Toga Party

The White Party bash at Vizcaya might have been the year's wildest celebration. But the talk was deadly serious.

Aaron is a boyishly handsome and topless twentysomething in tight white silver-fringed pants, suspenders, body glitter, and an extravagantly feathered Spartan helmet. "Zeus was a slut," he says while standing in one of the swirly, manicured gardens of Vizcaya (3251 S. Miami Ave., Miami). "But he was still a leader."

Wielding a pink glowstick, he summons six other identically dressed ancient (but fabulous) warriors. "If I were to choose my very own modern-day Zeus, though, I'd have to pick Barack Obama."

The rest of the men agree.

But Obama, like so many Californians, Floridians, and Arizonans, believes marriage is for men and women, not gay people. Witness the recent votes in these states that essentially banned same-sex marriage.

"Personally, the whole thing makes me feel like a second-class citizen," Aaron says. "But it's made our community a lot stronger."

"It's funny," says another member of the pretty platoon, who boasts a Hasselhoff torso bush. "As Americans, we did something revolutionary by electing a black man as president. But in the very same election, a vast majority of voters found it necessary to change their state's constitutions and take rights away from one group of people."

Aaron and the boys are here for White Party, a gaytacular gala thrown by Care Resource, one of South Florida's most prominent HIV/AIDS service organizations. Conceived by Frank Wagner in 1985, the core bash of this weekend-long fundraising extravaganza has always been held at Miami's historic bayfront estate. A white ensemble is a must, for purity, and this year's theme is Greek Gods and Goddesses.

They're all here: Zeus, Hera, Poseidon, Apollo, skanky river nymphs, and Elaine Lancaster. The Magic City's god(dess) of cross-dressing is wearing a long sequined skirt and a sparkling headpiece that looks like a snowflake. This faux-lady, who rubs elbows with the likes of Pamela Anderson and Dennis Rodman, is paid to appear at events like this that are glamorous and, well, flossy, flossy. Though the six-foot-two imaginary love child of Lana Turner and Burt Lancaster is beloved by locals and celebrities alike, she still suffers a fair share of discrimination.

"On my way home from going out, I always stop at the Taco Bell off the Julia Tuttle Causeway," Ms. Lancaster says in a feminine Southern twang, gruffed up by an Adam's apple. "And every time I go, a group of guys gather around the take-out window and laugh at me. The last time I went, I couldn't take it anymore, so I snapped, 'Laugh all you want, because when I get home, I'm washing all of this off. But when you go home, you'll still be employed by Taco Bell.'"

Outside on the east limestone terrace, Celine Dion's butchery of "I Drove All Night" blasts over a dance floor packed with hard bodies licked by a profusion of J.Lo-approved (think her "Waiting for Tonight" video, circa 1999) neon-green lasers. Standing near the bar, resplendent in a long, flowing toga and gladiator sandals, is Aphrodite — also called Anne.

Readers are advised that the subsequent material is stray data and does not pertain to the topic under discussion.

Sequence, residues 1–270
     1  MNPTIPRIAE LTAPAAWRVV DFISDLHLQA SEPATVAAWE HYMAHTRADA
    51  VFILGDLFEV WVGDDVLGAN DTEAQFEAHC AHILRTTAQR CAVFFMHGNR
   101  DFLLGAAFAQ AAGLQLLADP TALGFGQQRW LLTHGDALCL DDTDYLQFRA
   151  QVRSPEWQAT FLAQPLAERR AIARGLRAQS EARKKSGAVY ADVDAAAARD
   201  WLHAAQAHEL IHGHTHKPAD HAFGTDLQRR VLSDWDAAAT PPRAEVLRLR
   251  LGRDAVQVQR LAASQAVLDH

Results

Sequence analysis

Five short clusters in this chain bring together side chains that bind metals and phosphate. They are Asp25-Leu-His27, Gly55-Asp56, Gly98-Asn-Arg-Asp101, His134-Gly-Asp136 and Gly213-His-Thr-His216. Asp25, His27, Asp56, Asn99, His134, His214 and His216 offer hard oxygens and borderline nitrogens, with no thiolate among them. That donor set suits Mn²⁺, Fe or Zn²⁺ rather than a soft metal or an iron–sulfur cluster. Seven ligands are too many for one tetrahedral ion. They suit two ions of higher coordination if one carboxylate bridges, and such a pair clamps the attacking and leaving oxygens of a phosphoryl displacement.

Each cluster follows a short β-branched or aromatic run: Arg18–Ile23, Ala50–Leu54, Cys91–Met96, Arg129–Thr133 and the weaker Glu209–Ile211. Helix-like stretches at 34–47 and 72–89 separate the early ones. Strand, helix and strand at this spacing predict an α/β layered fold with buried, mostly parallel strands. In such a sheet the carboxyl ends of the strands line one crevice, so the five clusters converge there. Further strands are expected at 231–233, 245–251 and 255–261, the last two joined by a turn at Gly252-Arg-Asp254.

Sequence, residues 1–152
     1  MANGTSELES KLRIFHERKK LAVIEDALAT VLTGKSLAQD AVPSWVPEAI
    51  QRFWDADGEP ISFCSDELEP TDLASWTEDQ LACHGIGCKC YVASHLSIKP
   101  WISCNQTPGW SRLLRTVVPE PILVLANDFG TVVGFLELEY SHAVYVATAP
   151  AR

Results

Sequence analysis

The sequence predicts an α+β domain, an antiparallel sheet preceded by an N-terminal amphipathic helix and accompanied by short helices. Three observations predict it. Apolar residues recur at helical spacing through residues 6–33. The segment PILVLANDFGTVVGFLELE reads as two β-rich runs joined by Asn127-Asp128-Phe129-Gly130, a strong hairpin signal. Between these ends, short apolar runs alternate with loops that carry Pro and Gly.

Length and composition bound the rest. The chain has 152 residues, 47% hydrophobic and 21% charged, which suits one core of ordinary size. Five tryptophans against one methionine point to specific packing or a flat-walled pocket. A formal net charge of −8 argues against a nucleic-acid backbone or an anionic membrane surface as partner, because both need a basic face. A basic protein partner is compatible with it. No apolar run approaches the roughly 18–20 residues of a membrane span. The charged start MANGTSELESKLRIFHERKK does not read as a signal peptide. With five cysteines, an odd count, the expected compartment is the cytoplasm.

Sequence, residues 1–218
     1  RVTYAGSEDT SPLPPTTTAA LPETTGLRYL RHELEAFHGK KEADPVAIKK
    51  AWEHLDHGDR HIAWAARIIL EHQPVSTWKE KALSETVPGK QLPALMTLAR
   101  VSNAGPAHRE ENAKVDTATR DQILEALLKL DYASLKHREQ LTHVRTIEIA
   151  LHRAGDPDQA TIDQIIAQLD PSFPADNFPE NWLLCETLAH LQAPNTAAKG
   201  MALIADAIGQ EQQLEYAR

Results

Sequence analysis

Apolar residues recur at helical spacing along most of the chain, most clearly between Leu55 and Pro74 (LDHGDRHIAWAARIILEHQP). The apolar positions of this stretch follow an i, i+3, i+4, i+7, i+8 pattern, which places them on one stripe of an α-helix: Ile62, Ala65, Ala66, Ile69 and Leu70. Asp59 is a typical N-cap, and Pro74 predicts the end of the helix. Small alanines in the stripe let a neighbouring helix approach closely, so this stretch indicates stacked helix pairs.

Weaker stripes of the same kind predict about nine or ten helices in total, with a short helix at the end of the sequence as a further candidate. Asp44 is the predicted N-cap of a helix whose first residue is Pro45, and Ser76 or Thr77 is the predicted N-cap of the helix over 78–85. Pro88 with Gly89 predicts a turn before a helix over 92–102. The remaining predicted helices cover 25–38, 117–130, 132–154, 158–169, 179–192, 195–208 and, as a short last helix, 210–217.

The 36-year-old is a native of Key Largo (and the island of Lesbos) who says the holy book is the heart of discrimination. "The kind of people I truly abhor are those who hide behind the Bible as their excuse for hate and discrimination. Sure, homosexuality is condemned, but the Bible also clearly says that polygamy, slavery, sex with slaves, marriage of preteen girls, and treatment of women as property are all accepted practices. My favorite verse, though, is one that says a father has a duty to take his daughter's virginity ... to introduce her to womanhood, so to speak."

Sounds like that part might have been originally penned by Zeus himself (soon after he — disguised as a giant, rape-happy swan — knocked up Helen of Troy's mom) and then passed down through the generations.

"And there's another part," Anne adds, "that says that if a man has sex with his wife during her period, both shall be executed."

That sort of dalliance is a sin that a skinny, belly-button-pierced man named Godiva ("because I'm pure chocolate") needn't worry about. He is standing in a lit shell cave that sits at the mouth of a staircase leading to an elevated patio. Clad in fuzzy boots, short shorts, angel wings, and a feathered face mask, he strategically poses while awaiting photographers. Every 30 seconds, he switches positions — from jazz hands framing his well-moisturized face to a flirty Minnie Mouse knee bend — all for the benefit of people who stroll by and decide to capture his blatant silliness on film.

After 10 minutes, a potbellied doctor dressed in lightweight linen approaches and snaps a pic. I ask his name. "I'd like to go by McDreamy, but I eat way too many Big Macs."

As he continues to click away, I ask Godiva who he thinks is today's equivalent of the nectar-sipping ruler of Mount Olympus. "Beyoncé is my Zeus," he shouts and then blows me a kiss.

"Unfortunately, money is my god," McDreamy responds. "I've done some pretty nasty things in the ER, all in the name of cold, hard cash."

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